Sunday, October 03, 2010
"A new study from the Mayo clinic in the United States points to a frequent problem in certain types of medical research. When healthy volunteers or patients with a given condition take part in research studies they may have brain scans, CAT scans, blood tests or genetic tests that they wouldn’t otherwise have had. These tests are not done for the benefit of the individual, they are designed to answer a research question. But sometimes, quite often according to the authors of this new study, researchers may spot something on the scan that shouldn’t be there, and that could indicate a previously undiagnosed health condition. These ‘incidental findings’ generate an ethical dilemma for researchers....."cont'd
Perspective Towards a framework for personalized healthcare: lessons learned from the field of rare diseases
Increased risk of other cancers for relatives of women with early onset breast cancer | e! Science News
Published: Wednesday, September 29, 2010 - 18:23 in Health & Medicine
"The results suggest there could possibly be undiscovered genes causing breast cancer in these young women, and perhaps other cancers in their families," Professor Hopper said.
Every year in Australia, more than 300 women are diagnosed with breast cancer before the age of 35 years. This is approximately one in 40 of all breast cancers.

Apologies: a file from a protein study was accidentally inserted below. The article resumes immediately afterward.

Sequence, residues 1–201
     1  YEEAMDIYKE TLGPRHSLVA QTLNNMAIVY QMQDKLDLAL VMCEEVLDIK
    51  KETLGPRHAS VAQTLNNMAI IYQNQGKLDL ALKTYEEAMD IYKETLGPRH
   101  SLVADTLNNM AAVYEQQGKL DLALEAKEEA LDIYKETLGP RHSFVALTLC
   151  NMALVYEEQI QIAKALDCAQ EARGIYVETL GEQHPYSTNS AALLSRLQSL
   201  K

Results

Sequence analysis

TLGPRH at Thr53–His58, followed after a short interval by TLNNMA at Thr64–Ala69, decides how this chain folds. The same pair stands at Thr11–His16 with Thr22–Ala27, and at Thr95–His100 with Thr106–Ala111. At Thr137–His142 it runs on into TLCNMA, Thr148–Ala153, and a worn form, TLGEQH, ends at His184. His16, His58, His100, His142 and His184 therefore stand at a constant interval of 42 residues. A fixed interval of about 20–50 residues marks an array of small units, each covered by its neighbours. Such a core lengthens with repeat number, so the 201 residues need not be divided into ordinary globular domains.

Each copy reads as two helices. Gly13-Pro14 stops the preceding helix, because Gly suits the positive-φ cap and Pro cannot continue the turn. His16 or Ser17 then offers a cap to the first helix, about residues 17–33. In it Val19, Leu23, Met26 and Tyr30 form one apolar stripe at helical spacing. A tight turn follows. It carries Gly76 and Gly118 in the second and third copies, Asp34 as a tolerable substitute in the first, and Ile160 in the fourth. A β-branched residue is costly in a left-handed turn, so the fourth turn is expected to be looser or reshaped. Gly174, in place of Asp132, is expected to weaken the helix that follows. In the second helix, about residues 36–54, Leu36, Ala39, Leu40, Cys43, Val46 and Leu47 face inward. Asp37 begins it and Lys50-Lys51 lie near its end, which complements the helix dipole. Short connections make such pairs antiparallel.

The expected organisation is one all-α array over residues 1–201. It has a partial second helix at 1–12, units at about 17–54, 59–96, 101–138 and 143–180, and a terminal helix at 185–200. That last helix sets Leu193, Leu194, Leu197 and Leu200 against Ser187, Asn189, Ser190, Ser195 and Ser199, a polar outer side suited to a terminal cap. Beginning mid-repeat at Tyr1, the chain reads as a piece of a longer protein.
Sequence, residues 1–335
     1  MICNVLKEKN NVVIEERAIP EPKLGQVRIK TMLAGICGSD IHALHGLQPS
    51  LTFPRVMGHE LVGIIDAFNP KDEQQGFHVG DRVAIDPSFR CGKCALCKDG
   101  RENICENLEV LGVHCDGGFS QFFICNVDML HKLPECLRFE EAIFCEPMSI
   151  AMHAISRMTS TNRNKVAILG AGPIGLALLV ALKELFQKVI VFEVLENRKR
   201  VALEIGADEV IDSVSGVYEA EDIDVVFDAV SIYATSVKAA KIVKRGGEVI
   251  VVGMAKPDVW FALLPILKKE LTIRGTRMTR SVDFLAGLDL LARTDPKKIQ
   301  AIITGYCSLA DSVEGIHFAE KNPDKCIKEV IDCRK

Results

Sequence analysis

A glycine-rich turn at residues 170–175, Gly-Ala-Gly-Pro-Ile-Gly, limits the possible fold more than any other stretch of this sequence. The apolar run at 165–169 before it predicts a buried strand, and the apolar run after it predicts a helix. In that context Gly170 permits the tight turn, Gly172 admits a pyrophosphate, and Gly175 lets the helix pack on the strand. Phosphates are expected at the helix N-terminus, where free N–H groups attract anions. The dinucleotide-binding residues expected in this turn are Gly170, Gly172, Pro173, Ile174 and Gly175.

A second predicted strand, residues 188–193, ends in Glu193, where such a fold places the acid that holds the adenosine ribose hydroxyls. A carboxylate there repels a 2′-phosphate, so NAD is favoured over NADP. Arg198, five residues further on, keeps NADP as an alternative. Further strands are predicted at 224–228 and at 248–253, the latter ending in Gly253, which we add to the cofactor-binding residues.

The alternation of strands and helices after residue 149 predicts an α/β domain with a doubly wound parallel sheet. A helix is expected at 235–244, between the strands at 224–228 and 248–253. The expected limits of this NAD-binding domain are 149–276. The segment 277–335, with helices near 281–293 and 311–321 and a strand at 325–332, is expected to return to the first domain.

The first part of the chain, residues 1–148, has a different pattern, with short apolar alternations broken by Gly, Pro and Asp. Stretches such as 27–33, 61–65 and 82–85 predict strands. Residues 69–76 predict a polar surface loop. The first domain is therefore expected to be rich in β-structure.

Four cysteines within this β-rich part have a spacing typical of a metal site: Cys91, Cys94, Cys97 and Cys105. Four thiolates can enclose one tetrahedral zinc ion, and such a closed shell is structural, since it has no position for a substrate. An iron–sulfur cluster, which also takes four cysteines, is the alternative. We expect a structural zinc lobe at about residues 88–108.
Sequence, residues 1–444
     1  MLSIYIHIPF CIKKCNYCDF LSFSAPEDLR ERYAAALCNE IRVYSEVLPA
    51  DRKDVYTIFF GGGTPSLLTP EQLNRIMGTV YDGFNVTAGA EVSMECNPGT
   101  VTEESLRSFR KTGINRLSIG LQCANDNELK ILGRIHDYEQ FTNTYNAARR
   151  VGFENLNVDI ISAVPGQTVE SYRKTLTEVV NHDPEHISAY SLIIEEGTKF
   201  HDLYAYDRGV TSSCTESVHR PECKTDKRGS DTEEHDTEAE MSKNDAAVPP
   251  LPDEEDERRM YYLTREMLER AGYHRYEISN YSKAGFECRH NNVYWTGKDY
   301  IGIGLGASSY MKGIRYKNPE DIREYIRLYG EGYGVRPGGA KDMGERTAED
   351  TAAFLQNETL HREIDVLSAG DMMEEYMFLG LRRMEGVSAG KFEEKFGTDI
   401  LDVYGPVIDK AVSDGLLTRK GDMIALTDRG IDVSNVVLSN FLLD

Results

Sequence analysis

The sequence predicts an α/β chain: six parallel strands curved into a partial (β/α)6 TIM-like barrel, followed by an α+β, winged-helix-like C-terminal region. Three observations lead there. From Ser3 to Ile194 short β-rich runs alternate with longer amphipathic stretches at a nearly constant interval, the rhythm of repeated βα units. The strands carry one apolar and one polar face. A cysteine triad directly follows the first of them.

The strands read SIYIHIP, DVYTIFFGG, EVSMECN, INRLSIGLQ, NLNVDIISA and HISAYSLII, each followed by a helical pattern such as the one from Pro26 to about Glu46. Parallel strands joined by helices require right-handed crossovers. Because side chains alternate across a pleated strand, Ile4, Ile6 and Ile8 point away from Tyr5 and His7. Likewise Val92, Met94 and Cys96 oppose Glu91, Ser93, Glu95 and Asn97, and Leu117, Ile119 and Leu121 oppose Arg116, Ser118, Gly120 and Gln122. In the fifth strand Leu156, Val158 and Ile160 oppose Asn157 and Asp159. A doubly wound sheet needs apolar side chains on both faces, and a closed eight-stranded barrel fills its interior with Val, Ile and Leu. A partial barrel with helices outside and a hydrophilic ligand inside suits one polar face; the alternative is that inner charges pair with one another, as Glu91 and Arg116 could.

In the largest population based study of its kind, scientists studied 2200 parents and siblings of 500 women diagnosed with breast cancer before the age of 35 from across three countries, Australia, Canada and the United States.
After excluding families with mutations in BRCA1 and BRCA2, the two known major breast cancer susceptibility genes, they found that close relatives were at increased risk of not only breast cancer, but also of cancers of the prostate, lung, brain and urinary tract.
The results showed:
- Fathers and brothers had a 5-fold increased risk of prostate cancer.
- Mothers and sisters had a 2-fold increased risk of ovarian cancer as well as a 4-fold increased risk of breast cancer
- Close relatives also had a 3-fold increased risk for brain cancer, an 8-fold increased risk for lung cancer, and a 4-fold increased risk for urinary tract cancers.
"The results of this study could help scientists discover new cancer susceptibility genes that explain the risk of early-onset and other cancers within some families," he said.
"Our next step is to conduct larger studies to further clarify these results."
Note: click on 'pdf' for full free access to paper
abstract: Pancreatic Cancer Screening in a Prospective Cohort of High-Risk Patients: A Comprehensive Strategy of Imaging and Genetics — Clinical Cancer Research
Fifty-one patients in 43 families were enrolled, with mean age of 52 years, 35% of whom were male. Of these patients, 31 underwent EUS and 33 MRI. EUS revealed two patients with pancreatic cancer (one resectable, one metastatic), five with intraductal papillary mucinous neoplasms (IPMN), seven with cysts, and six with parenchymal changes. Five had pancreatic surgery (one total pancreatectomy for pancreatic cancer, three distal and one central pancreatectomy for pancreatic intraepithelial neoplasia 2 and IPMN).
A total of 24 (47%) had genetic testing (19 for BRCA1/2 mutations, 4 for CDKN2A, 1 for MLH1/MSH2) and 7 were positive for BRCA1/2 mutations. Four extrapancreatic neoplasms were found: two ovarian cancers on prophylactic total abdominal hysterectomy and bilateral salpingo-oophorectomy, one carcinoid, and one papillary thyroid carcinoma. Overall, 6 (12%) of the 51 patients had neoplastic lesions in the pancreas and 9 (18%) had neoplasms in any location. All were on the initial round of screening. All patients remain alive and without complications of screening.